Patients with defective phonological short-term memory may show unimpaired long-term verbal and visuo-spatial learning (Fig. 2). This observation further corroborates the complete independence of short-and long-term memory systems, but is incompatible with a serial organization, in which defective short-term memory entails a long-term memory impairment (see Atkinson and Shiffrin 1968), suggesting a parallel architecture instead. After early perceptual analysis, information may enter short or long-term memory, either of which may be selectively disrupted by brain damage. The learning abilities of these patients are, however, dramatically impaired when the phonological material to be learned does not possess pre-existing lexical-semantic representations in long-term memory. This is the case of pronounceable meaningless sequences of letters, such as nonwords, or words of a language unknown to the subject (Fig. 2).This phonological learning deficit indicates that, within a specific representational domain, temporary retention in short-term memory is necessary for stable long-term learning and retention, as predicted by serial models.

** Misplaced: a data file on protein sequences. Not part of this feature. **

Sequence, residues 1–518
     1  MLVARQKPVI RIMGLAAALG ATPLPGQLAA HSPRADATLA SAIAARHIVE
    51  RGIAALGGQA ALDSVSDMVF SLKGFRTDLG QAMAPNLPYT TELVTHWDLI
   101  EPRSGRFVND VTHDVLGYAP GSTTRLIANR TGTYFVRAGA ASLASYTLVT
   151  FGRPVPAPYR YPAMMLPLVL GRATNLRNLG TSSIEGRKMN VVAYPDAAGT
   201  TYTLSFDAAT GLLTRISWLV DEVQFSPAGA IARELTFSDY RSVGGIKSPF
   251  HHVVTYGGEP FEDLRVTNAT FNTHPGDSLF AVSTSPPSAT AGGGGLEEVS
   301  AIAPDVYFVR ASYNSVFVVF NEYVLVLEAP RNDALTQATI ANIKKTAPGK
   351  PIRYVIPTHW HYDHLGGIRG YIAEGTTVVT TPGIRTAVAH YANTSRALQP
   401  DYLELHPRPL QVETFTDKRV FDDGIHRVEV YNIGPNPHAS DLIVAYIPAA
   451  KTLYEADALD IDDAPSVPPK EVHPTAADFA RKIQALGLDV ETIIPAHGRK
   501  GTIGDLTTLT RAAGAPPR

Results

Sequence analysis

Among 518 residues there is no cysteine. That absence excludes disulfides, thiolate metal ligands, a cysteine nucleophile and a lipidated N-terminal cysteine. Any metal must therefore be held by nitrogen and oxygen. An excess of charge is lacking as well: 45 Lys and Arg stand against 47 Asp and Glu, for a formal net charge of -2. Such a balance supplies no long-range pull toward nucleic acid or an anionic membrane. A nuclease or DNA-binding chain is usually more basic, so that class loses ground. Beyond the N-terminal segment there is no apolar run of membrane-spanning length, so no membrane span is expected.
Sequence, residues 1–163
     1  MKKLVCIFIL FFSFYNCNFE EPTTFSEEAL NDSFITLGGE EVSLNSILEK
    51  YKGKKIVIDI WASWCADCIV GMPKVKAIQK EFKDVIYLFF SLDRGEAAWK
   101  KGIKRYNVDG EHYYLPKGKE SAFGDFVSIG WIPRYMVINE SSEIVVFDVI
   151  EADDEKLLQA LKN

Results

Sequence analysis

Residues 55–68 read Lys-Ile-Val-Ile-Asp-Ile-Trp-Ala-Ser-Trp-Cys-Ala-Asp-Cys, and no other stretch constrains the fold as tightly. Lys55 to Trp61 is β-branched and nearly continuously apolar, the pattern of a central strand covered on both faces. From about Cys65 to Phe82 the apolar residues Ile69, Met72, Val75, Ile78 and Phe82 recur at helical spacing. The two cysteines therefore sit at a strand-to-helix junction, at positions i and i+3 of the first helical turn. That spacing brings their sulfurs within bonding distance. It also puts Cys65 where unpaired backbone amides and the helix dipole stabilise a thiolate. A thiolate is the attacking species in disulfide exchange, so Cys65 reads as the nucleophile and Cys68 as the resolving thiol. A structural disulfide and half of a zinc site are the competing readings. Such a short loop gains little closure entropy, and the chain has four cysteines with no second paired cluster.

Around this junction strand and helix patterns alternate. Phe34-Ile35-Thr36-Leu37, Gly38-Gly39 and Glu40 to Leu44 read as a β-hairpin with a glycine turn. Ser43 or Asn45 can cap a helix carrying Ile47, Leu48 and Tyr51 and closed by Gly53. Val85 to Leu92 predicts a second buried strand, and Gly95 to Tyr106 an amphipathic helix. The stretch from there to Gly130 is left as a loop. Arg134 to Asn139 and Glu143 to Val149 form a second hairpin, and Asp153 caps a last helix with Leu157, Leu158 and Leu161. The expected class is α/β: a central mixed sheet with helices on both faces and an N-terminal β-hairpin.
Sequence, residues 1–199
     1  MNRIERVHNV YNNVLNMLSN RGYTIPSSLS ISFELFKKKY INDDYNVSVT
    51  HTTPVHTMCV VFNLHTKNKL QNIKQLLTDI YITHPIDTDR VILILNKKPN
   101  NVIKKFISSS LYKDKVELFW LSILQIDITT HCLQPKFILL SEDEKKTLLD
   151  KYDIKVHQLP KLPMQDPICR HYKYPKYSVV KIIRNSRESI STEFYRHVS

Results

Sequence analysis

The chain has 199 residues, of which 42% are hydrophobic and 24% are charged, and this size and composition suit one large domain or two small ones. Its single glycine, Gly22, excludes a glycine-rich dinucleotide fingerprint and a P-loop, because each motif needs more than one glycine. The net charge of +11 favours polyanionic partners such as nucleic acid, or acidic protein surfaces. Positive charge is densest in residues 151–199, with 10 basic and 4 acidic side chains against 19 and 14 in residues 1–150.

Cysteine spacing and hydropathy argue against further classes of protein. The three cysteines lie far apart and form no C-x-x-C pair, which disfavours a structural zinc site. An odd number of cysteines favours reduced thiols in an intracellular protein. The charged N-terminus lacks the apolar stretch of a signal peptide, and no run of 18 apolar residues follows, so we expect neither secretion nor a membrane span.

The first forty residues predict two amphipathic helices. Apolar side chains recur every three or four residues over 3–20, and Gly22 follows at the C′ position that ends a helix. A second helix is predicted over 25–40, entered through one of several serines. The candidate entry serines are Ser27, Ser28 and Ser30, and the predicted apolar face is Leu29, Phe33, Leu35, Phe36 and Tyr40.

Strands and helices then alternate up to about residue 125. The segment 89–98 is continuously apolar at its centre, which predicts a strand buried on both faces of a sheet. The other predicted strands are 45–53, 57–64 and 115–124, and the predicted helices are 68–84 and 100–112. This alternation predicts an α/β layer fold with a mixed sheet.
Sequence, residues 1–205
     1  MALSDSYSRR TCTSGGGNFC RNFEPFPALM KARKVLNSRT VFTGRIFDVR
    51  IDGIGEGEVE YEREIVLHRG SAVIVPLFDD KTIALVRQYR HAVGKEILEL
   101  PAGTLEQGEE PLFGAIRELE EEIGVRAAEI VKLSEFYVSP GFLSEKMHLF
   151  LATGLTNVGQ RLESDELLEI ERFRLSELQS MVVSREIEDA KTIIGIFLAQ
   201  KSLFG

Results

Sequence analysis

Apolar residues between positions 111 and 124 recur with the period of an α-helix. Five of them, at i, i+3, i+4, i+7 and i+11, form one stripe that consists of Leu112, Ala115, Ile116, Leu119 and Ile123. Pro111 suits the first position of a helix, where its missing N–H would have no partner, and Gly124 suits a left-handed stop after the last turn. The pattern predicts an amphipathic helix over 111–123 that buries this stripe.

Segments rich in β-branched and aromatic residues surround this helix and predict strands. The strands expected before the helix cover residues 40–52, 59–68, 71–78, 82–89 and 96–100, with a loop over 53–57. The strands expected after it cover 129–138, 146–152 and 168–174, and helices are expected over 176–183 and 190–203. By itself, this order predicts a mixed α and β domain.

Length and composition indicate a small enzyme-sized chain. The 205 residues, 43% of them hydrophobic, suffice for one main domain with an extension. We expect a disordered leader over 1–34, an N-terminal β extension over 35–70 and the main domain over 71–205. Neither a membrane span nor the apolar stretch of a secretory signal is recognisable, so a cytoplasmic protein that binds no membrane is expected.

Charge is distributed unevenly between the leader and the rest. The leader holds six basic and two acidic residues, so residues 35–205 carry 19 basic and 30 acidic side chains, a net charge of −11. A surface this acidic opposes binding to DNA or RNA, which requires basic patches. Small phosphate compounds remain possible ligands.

Short-Term Memory Research Paper Figure 2

Other brain-injured patients show deficits of short-term retention in the visual and spatial domain, even though these patterns of impairment have been explored less extensively than the phonological disorder. Immediate retention of short sequences of spatial locations, as assessed by a block tapping task (a spatial analogue of digit span), may be selectively defective, with verbal memory being unaffected, in both its short and long-term components. In other patients, the deficit may involve the visual (shape) component of short-term memory, while impairments in the short-term visual recognition of unfamiliar faces, objects, voices, colours have been also described. The disorder of patients with defective visual imagery (as assessed, for instance, by tasks requiring colour or size comparisons) may be interpreted in terms of an impaired visual short-term memory store. A deficit of visuo-spatial short-term memory may also disrupt long-term learning of unfamiliar non-verbal material, as assessed by recognition memory for unfamiliar faces and objects. This extends to the visuo-spatial domain the conclusion that long-term acquisition requires short-term storage.